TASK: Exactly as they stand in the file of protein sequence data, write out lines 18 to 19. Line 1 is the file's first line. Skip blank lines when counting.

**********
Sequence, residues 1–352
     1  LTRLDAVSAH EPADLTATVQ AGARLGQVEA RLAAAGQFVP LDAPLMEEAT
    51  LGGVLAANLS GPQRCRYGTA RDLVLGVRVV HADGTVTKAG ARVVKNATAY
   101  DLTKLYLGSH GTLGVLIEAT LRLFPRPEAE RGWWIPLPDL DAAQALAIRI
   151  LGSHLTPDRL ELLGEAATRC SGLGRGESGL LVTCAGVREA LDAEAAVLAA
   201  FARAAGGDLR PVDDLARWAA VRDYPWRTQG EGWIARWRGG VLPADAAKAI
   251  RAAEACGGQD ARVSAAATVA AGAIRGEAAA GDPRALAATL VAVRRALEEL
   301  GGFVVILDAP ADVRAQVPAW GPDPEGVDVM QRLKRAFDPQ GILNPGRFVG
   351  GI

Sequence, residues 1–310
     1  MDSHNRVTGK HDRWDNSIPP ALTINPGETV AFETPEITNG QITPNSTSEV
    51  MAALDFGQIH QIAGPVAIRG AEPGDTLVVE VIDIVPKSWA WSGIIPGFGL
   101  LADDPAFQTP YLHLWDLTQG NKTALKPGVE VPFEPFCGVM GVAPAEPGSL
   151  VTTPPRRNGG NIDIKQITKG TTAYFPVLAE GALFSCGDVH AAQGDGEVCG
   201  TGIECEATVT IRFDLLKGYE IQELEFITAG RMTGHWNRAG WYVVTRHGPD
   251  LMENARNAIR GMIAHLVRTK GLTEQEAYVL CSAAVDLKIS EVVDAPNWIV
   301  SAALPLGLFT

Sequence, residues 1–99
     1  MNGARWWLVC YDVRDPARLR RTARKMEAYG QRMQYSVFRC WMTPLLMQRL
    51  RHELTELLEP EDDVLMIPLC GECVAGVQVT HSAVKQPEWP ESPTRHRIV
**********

Sequence, residues 1–99
     1  MNGARWWLVC YDVRDPARLR RTARKMEAYG QRMQYSVFRC WMTPLLMQRL